If labour is solely responsible for the success or failure of companies, what exactly do those megabuck CEO's do for their money? They must be the highest paid victims in history. How do you account for the fact the other two largest (and successful) car companies in the world, Toyota and VW, are both heavily unionized? I chalk it up to good management who knows a good working relationship with its workers. unionized or not is essential to success. A concept that was lost on Detroit for decades

The opinion of a CEO who understood and proved it.

http://www.freeenterprise.com/story/management-advice-from-gordon-bethune-the-ceo-who-saved-continental-airlines/

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Far be it for me to defend unions, likewise, I've owned GM products exclusively since the later 1970s, but anyone who does not believe the Big Three's management didn't make poor choices for the last several decades, resulting in the companies poor state and later bankruptcy, is delusional.......

Of course they did, and their most glaringly poor choice was not taking steps to break the union before it became a destructive behemoth.

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Of course they did, and their most glaringly poor choice was not taking steps to break the union before it became a destructive behemoth.

Perhaps, but maintaining numerous brands beyond profitability didn't help the bottom line, regardless of the unions. Likewise the introduction of numerous sub-par models and poor build standards. Furthermore, GM and Mopar both ceded ground in various categories, be it through poor marketing, over capacity in plants resulting in loss leaders etc and failure to keep ahead of the styling trend......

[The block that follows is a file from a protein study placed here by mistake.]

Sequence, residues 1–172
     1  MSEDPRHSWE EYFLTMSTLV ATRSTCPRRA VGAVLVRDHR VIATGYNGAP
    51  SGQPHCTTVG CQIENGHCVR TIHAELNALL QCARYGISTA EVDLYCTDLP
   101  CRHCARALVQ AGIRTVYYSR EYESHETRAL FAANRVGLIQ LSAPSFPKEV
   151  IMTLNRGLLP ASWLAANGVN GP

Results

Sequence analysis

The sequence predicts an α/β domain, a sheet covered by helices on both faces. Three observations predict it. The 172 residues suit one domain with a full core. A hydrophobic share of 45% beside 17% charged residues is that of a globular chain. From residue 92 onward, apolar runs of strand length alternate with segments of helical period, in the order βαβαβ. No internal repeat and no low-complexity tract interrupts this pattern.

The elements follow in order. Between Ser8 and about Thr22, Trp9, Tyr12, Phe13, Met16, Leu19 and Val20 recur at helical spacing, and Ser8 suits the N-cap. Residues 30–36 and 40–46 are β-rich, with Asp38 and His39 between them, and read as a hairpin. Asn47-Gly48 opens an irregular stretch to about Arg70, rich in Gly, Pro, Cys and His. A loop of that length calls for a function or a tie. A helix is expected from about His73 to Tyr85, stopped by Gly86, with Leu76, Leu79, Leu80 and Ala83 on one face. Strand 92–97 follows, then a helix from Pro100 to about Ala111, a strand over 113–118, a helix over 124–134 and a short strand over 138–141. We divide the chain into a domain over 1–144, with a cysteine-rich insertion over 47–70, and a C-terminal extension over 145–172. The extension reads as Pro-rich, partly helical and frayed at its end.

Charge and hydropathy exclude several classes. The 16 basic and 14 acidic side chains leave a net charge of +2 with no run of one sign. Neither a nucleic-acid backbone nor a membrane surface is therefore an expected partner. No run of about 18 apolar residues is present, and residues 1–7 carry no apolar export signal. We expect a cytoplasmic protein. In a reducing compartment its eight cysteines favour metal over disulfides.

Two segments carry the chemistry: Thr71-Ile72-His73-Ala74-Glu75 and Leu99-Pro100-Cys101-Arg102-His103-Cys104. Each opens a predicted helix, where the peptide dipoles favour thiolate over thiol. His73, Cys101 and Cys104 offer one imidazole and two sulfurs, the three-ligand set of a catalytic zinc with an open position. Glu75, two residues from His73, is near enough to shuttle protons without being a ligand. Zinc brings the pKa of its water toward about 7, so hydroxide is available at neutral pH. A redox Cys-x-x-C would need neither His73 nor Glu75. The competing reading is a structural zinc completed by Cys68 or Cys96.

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Of course they did, and their most glaringly poor choice was not taking steps to break the union before it became a destructive behemoth.

Just the kind of confrontational attitude that creates these messes. Break the employees, get all the concessions you can from them while collecting big bonuses for doing so and destroying moral. How do you think these behemoths are created in the first place? When did leadership stop being a part of management? I've been a member of several unions over the years and had union and non union jobs. In every case it is management that had the biggest influence on the relationship it had with employees, union or not. People are people and whether they belong to a union or not doesn't change the way they will respond to good or bad leadership.

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Of course they did, and their most glaringly poor choice was not taking steps to break the union before it became a destructive behemoth.

I think people are getting the state of the auto industry in Canada confused with the overall financial health of the Big Three US based automakers. They are pulling out slowly but surely and steadily from assembling vehicles in this country. They are not shutting down globally, it is a reduction and eventual elimination of their assembly capacity in Canada. We can argue about bad decisions in the past, but strictly from a corporate viewpoint they are doing exactly want they need to do to maintain their profitability. And they cannot compete by paying high wages and benefits in this market. So they won't.